After 150 years of serving the Ottawa community, parishioners at St. Luke’s Anglican Church have decided to no longer be a congregation.
The church community found a home in the building on Somerset Street in Chinatown for 100 years.
In October, the parish was rocked by a fire that closed its doors — what was the final straw in a long discussion about the future of the church.
On Sunday, the community voted to ask permission to disestablish as a congregation, which means regular church services would cease and current parishioners would no longer be a member of St. Luke’s.
Since the fire, the congregation has been meeting at All Saints Church in Westboro but the diocese expects St. Luke’s last service will be held soon.
The decision still has to go through several steps of approval through higher levels at the diocese, including the bishop.
“There was a period of decline over the last few years,” said Linda Hill, executive archdeacon for the Anglican Diocese of Ottawa.
“I’d been in touch with … with the Parish council in September to talk about having a series of meetings to discuss what their future might be, and then the very next month that catastrophic fire happened.”
That decline in parishioners, Hill said, led to a lack in parish leadership and financial troubles, to the point where it was hard to pay for clergy.
St. Luke’s is not alone in the ask to disestablish, Hill said recently St. Martin’s parish voted to do the same. It’s a trend she is hoping doesn’t continue.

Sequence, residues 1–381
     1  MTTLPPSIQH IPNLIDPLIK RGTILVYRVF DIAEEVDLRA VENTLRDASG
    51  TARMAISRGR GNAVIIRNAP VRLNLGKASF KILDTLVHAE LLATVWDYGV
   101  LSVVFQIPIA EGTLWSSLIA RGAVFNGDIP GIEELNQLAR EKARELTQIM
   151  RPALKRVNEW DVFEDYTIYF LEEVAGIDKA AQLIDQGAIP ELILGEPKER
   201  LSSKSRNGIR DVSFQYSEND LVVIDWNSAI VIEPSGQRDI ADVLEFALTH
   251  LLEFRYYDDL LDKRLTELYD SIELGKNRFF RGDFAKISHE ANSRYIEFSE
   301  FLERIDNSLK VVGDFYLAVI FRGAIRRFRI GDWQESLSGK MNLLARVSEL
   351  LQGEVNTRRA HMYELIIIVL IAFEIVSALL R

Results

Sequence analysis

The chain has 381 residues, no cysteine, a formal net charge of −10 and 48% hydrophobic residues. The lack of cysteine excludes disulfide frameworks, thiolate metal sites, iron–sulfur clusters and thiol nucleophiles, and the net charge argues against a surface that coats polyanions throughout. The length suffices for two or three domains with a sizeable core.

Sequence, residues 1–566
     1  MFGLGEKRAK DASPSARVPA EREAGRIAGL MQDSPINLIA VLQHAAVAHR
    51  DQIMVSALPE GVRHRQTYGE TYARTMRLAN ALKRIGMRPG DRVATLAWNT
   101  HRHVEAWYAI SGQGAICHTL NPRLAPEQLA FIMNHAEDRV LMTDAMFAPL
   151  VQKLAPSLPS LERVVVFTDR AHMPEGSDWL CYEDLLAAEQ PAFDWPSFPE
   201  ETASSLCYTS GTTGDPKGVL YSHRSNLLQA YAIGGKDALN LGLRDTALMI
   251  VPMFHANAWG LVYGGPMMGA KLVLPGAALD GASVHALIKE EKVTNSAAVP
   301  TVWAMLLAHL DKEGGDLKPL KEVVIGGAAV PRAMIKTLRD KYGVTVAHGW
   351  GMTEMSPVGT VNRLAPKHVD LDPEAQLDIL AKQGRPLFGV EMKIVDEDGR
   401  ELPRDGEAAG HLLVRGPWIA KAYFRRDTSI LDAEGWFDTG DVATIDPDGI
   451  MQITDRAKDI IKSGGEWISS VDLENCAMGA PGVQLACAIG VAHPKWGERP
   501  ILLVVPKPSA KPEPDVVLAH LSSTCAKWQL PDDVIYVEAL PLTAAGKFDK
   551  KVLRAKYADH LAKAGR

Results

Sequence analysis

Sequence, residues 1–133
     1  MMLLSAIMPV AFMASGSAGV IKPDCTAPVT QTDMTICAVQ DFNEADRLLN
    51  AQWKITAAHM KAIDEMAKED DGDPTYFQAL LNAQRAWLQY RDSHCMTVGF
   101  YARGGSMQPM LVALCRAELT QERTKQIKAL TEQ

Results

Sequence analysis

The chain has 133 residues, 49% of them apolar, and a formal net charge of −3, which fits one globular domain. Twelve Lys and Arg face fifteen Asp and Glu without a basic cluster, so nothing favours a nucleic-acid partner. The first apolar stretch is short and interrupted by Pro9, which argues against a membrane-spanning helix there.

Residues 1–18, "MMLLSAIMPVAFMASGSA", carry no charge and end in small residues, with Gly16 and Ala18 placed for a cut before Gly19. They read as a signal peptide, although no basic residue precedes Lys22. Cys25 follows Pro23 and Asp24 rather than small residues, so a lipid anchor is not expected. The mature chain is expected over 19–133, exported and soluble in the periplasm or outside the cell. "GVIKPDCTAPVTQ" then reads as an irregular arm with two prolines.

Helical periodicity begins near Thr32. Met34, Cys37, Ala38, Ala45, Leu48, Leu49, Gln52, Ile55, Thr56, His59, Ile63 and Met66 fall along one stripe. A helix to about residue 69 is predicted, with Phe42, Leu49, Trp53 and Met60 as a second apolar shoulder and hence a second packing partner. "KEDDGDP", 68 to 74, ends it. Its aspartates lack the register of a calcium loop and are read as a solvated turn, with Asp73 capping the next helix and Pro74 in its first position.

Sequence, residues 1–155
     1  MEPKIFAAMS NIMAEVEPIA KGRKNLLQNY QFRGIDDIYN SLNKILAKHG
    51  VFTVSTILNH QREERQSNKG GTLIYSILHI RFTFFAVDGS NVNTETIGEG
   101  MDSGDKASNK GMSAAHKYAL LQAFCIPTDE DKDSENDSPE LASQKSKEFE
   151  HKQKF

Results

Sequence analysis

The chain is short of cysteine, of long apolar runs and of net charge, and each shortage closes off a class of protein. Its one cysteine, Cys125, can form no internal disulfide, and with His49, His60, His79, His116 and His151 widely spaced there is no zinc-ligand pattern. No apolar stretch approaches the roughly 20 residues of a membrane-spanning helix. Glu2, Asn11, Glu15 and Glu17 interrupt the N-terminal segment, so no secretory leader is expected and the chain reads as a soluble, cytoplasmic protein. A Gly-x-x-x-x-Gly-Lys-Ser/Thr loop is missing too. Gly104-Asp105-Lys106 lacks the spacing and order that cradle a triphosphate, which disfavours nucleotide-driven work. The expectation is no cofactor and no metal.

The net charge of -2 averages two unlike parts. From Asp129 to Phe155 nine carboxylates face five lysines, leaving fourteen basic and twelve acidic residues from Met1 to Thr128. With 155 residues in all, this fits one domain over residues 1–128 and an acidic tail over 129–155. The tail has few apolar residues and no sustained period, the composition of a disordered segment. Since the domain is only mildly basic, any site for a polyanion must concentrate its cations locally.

“It’s a really difficult decision for a congregation to come to, but [St. Luke’s] did. It was very clear, but sad.”
Hill said the diocese is working on ways to train church leaders, better animate existing parishes and set up new worshipping communities.
Building will remain in service
The church building will remain within the Anglican diocese, though it will no longer provide Sunday services.
It will, however, continue to serve the community through St. Luke’s Table hosted there, a program that’s been in operation for 40 years, providing drop-in services, counselling and crisis-intervention programs and serving hundreds of meals per week.
“We want to be able to restore that to where it was prior to the fire because those services are just so incredibly essential for the people in the community,” said Rev. Peter John Hobbs, director of general community ministries for the diocese.
Hobbs said the building is currently being cleaned and readied for repairs, with the hope to start construction in the new year. He estimates the project will take at least another year to complete.
The diocese said it has been told the building will never be restored to its original state, but will continue to serve the community through programs hosted there.
“There’s a lot of possibilities for that,” Hobbs said. “It’s a lovely space and I’m sure that once the diocese has given some considerable thought to it, that we’ll be able to come up with a great resource.”